What we say now
Pretty much the same – though with Chamberlin’s departure, it’s swinging more toward the “hangout” side of the continuum.



chef Cassie ShortinoTRATTO
Originally visited
: August 2016

Why the Re-Review? Talented chef de cuisine Anthony Andiario left Arizona early in 2017. Is his replacement holding the line at our 2016 Restaurant of the Year?

In a word, yes – which we probably knew intuitively, given owner Chris Bianco’s universe-beating pedigree. Still, a strategically unnecessary return visit to Tratto was just too enticing to turn down, and it proved edifying enough. Following Andiario’s departure, Bianco pegged Cassie Shortino – all of 24 years old – to lead the kitchen, with specific orders not to reinvent Tratto’s rustic Italian wheel. So, the challenge for Shortino: maintaining Bianco’s vision of season- and farm-driven cuisine by taking the small-batch produce that comes through her door and interpreting it for the perennial pillars of the Tratto menu. For example, the Two Wash Ranch grilled half-chicken ($38), which is plated with a simple but mind-bendingly delicious grape-and-wine pan jus, or a tarter lemon treatment, depending on the season. On this trip, we start with the seared chicken liver pate ($16), served with the same heirloom crostini we had back in 2016, but this time with plum jam instead of the original sour cherry mostarda. It’s delicious and bound to trigger a table fight. Shortino has also been plating the much-admired pork ragu rigatoni (née garganelli) with summery blasts of fennel pollen ($22). But for a true Shortino original, look for the whole roasted branzino ($55), sourced from go-to Valley meat shop Nelson’s Meat + Fish and deboned at the table. Paired with fava beans and roasted leeks, the firm, pure flesh achieves comfort-coma blastoff with a squeeze of lemon and gulp of Les Setilles Burgundy from the peculiar wine list, and is proof Tratto isn’t vacating its throne anytime soon.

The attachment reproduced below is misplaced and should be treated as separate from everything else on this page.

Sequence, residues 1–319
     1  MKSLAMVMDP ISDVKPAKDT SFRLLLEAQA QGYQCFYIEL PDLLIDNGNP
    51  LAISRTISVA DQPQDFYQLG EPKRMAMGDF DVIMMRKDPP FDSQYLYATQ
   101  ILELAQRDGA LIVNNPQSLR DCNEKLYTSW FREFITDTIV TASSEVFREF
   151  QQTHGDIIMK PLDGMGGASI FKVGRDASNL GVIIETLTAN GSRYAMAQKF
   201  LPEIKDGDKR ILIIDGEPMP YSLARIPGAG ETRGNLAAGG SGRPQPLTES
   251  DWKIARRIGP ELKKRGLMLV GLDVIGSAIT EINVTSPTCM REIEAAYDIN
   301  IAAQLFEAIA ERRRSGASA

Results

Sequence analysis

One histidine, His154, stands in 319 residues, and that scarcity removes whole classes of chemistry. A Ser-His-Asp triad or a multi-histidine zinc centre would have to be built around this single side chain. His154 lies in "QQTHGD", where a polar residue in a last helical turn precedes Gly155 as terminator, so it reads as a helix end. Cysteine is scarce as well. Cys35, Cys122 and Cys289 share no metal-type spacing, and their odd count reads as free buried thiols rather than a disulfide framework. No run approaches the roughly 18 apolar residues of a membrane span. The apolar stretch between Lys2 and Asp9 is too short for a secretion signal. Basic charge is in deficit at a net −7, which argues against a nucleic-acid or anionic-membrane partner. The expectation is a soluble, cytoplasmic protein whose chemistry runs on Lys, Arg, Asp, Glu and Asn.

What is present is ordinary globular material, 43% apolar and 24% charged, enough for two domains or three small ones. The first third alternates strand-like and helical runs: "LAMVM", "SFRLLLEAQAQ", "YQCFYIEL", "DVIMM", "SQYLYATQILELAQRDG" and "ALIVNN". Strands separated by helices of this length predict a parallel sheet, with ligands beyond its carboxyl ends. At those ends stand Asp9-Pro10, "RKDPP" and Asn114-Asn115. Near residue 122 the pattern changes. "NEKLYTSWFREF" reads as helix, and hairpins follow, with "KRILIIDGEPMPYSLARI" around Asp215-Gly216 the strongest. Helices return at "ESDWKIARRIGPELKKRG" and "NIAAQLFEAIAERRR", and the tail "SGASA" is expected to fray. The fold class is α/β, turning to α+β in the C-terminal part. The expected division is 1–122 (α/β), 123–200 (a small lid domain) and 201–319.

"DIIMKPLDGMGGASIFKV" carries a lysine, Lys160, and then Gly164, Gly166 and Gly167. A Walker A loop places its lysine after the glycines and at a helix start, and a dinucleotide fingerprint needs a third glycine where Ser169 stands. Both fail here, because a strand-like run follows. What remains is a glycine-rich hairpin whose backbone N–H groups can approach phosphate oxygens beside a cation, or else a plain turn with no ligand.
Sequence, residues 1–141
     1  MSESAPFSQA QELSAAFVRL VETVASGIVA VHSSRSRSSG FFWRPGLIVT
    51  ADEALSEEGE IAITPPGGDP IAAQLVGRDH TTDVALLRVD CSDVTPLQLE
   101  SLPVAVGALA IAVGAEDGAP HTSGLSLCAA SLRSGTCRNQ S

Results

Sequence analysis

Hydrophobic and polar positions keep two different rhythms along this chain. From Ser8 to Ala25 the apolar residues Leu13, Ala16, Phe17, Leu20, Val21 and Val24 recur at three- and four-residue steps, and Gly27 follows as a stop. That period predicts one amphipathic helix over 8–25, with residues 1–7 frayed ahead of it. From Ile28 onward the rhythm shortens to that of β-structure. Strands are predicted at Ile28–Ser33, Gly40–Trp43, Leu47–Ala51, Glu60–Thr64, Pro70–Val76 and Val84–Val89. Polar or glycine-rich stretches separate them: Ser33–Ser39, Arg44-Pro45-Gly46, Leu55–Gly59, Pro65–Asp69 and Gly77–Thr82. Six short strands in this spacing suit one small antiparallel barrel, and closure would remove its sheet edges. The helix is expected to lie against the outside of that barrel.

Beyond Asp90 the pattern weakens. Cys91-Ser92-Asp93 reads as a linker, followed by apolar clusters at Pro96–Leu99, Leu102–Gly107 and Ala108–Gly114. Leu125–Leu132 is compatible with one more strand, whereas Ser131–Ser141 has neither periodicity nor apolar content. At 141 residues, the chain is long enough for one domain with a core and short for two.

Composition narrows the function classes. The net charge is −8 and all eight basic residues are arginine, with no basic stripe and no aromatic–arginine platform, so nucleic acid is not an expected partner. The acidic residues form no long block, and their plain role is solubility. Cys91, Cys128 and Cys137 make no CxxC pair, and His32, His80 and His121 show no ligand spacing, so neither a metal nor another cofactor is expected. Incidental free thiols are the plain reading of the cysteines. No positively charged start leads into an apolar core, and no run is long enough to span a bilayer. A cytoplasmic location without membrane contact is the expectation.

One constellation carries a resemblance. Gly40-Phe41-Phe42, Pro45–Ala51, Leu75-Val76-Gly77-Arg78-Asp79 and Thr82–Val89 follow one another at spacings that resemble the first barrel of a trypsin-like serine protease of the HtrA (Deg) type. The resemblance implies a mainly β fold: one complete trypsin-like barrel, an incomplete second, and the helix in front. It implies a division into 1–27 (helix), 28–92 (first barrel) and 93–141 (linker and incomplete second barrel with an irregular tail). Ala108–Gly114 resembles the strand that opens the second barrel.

Branzino4743 N. 20th St., Phoenix

What we said then
“it has that spark of presence and ambition that longtime fans might remember from the earliest days of Pizzeria Bianco.”

What we say now
Same as it ever was.



Fried green tomato saladTHE MACINTOSH
Originally visited
: 2015

Why the re-review? It was Grassroots until early this past fall. Has anything changed besides the name at Chris Collins’ Town & Country tavern?

It was the summer of 2014. Donald Trump was hosting his final season of The Apprentice. America swayed to the earnest, chart-topping stylings of Ed Sheeran. And pork belly was taking Valley restaurants by storm – including a succulent, faintly candied version we remember at Grassroots in Phoenix. Following a rebrand last year, the belly is off the menu (no great tragedy… who else is sick of them?) but Grassroots-cum-The Macintosh is still the stylish (but not too stylish) middlebrow people-pleaser chef-owner Christopher Collins always intended, name-change notwithstanding. What is new: a smattering of Creole classics, including brick roux gumbo with tasso ham and andouille sausage ($18), and a revved-up happy hour menu, bejeweled with generous deals like tangy fried green tomatoes with Crow’s Dairy goat cheese ($6) and meal-in-itself Creole nachos bathed in oozy, pungent pecorino ($6). But the star of The Macintosh’s twilight dining program (2-6 p.m. daily; all-day Monday) might be the crispy cod chalupa smothered in a creamy remoulade slaw ($7). Paired with a crazy-cheap $5 barrel-aged Negroni, it’s one of the Valley’s great bargains. The mealy Macintosh is still our least favorite apple – couldn’t Collins have called it The Honeycrisp? – but we’ll gladly bite into this one.

2119 E. Camelback Rd., Phoenix



Braised octopusTOP OF THE ROCK
Originally Visited
: 1989

Why the Re-Review? The menu has turned over a few times over the past three decades. Besides, the views.